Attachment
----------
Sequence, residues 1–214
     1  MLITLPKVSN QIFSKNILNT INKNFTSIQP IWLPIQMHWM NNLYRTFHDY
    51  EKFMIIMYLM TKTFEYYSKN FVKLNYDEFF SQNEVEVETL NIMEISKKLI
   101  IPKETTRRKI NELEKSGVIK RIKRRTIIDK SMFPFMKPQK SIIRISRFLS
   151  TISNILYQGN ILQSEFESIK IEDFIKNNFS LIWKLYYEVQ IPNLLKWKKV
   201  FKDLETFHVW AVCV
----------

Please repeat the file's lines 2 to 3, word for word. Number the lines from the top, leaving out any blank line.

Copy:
     1  MLITLPKVSN QIFSKNILNT INKNFTSIQP IWLPIQMHWM NNLYRTFHDY
    51  EKFMIIMYLM TKTFEYYSKN FVKLNYDEFF SQNEVEVETL NIMEISKKLI